An extensive infectious workup was obtained. Blood, sputum, and cerebrospinal fluid cultures were negative for aerobic, anaerobic, fungal, and mycobacterial infections. Serologies for endemic mycoses—Aspergillus, Blastomyces, Coccidioides, and Histoplasma—were negative. Serologies for Toxoplasma and cryptococcal infections were negative. Serologies for syphilis—including the rapid plasma reagin (RPR) and Treponema pallidum particle agglutination (TP-PA)—were negative. Hepatitis B and C serologies were negative. Serologies for Lyme disease were not indicative of acute disease (negative Lyme IgM, but positive Lyme IgG antibody). A heavy metal panel was normal. Serum thyroid studies were normal (TSH 1.224 μIU/mL and free T4 0.92 ng/dL). A serum protein electrophoresis was consistent with an inflammatory pattern, but no paraprotein was present. Serum vitamin B12 (511 pg/mL) and folate (14.7 ng/mL) were normal. Cerebral spinal fluid studies for Toxoplasma, Cryptococcus, Haemophilus influenzae, Listeria monocytogenes, Neisseria meningitidis, Streptococcus pneumoniae, JC virus, HTLV-I/II, Enterovirus, CMV, HSV-1, HSV-2, HHV-6, and VZV were all negative. CSF was notable for lymphocytic pleocytosis (CSF WBC 34/μL; nl 0–8; 89% lymphocytes), and >5 gamma-restricted oligoclonal bands were present. CSF protein was elevated (179.6 mg/dL; nl 15–40).
The patient denied risk factors for HIV infection, stating he was in a monogamous heterosexual relationship. However, he revealed later that he had high-risk sexual encounters when he was divorced from his wife prior to getting remarried. The patient tested positive for HIV-1 subtype B, with a CD4 count of 157 cells/mm . His viral load was 874,000 copies/mL. Genotypic resistance testing for NRTIs, NNRTIs, PIs, and integrase inhibitors was negative. Patient was started on tenofovir alafenamide, emtricitabine, and dolutegravir.
The patient was seen in the infectious diseases clinic 5 months after starting therapy. His CD4 count was up to 267 cells/mm3 and viral load down to 70 copies/mL. He was walking independently without the assistance of a walker or cane although he still required support over longer distances. He continued to have memory problems, but in general was doing much better at remembering daily events and details. His primary complaint was persistent urinary retention, requiring an indwelling catheter.
HIV-VM as the presentation of HIV/AIDS is uncommon. While HIV-VM can present at any stage of HIV infection, it is most commonly seen in advanced—and consequently established—HIV disease [1–5, 7]. There are only a handful of case reports which describe HIV-VM as the initial presenting manifestation of HIV/AIDS [3, 4, 6]. While the prevalence of asymptomatic vacuolar myelopathy may be as high as 55% in AIDS patients, the prevalence of symptomatic HIV-VM appears to be much lower . In a study conducted by Petito et al., only 26.8% of AIDS patients with autopsy-proven vacuolar myelopathy had signs and symptoms of the neurologic condition . The diagnosis of HIV-VM is a diagnosis of exclusion, therefore requiring an evaluation for many other etiologies. Criteria for the clinical diagnosis of AIDS-associated myelopathy—adapted from Chong et al.—are shown in Figure 1 .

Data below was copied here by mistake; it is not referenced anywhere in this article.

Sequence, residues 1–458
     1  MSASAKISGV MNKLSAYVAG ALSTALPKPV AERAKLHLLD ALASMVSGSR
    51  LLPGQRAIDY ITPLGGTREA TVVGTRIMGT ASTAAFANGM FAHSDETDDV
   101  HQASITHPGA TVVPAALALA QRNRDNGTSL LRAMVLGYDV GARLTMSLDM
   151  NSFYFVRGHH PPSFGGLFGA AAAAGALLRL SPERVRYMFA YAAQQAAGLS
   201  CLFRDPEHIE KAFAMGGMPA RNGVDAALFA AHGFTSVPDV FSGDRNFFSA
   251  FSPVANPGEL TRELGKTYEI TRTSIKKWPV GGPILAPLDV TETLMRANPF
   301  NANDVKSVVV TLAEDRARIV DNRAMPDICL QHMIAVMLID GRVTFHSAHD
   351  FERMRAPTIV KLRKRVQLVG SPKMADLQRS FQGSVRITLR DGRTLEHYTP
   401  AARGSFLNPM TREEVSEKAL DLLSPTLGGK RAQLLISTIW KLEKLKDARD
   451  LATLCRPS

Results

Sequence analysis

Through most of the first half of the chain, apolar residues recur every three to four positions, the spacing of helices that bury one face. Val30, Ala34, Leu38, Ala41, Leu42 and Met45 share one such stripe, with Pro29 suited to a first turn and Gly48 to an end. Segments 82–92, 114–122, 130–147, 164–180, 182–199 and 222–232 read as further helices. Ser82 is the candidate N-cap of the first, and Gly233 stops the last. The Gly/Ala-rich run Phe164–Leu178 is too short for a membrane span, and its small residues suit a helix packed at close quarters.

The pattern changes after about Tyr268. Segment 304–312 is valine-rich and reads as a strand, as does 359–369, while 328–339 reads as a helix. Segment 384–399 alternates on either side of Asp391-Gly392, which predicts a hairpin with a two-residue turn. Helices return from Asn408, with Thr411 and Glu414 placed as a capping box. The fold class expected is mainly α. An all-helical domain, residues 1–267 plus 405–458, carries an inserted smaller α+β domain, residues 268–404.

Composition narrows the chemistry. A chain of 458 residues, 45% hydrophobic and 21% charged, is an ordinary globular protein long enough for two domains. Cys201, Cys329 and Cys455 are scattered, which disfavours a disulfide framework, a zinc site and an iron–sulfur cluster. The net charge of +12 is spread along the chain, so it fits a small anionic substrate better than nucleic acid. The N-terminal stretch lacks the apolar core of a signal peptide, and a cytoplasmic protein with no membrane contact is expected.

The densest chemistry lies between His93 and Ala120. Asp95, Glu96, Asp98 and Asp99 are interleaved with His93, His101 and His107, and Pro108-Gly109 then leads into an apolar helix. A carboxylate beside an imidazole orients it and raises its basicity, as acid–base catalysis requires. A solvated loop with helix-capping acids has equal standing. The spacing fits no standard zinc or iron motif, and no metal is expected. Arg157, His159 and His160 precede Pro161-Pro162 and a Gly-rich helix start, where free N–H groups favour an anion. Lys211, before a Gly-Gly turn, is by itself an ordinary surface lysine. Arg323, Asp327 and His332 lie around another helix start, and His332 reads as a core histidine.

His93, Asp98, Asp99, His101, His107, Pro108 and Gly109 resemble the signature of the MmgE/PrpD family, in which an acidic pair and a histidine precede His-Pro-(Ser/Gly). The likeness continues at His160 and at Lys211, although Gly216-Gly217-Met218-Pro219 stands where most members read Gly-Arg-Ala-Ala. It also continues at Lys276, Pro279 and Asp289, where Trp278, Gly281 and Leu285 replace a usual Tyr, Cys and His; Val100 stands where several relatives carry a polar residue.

Furthermore, classic findings seen on MRI can help to support the diagnosis of HIV-VM. MRI findings include spinal cord atrophy (nearly universal) and intrinsic cord abnormality, showing increased signal on T2-weighted images in the white matter usually affecting the dorsal columns and lateral corticospinal tracts of the cervical and thoracic cord [7–9]. Of note, three out of the twenty-one patients in Chong et al.’s 1999 study—diagnosed with AIDS-associated myelopathy—had a normal appearing cord on MRI .
There are many similarities between the presentation of HIV-VM and subacute combined degeneration of the spinal cord from vitamin B12 deficiency. Both have clinical presentations that include ataxic gait and sensory dysfunction of the extremities and feature vacuolization of the spinal cord white matter due to intramyelin sheath swelling on histology . For this reason, measurement of serum vitamin B12 level (and serum methylmalonic acid and homocysteine in the appropriate clinical setting) is important in differentiating these diagnoses.
Serologic and CSF studies must be performed to rule out alternative causes for CNS disease. The following studies should be obtained: HTLV-I serology, CSF PCR for herpesvirus, and CSF testing for syphilis, CMV, cryptococcal antigens, Borrelia burgdorferi, and Toxoplasma antibody. A limitation in our case was that CSF analysis for Borrelia burgdorferi was not obtained. Our patient otherwise had a negative serologic and CSF workup for alternative causes of CNS disease. Despite our patient’s uncharacteristic MRI findings, showing only increased T2 signal throughout the supratentorial white matter with a lack of spinal cord changes, his clinical picture as well as his improvement on HAART favors the diagnosis of HIV-VM.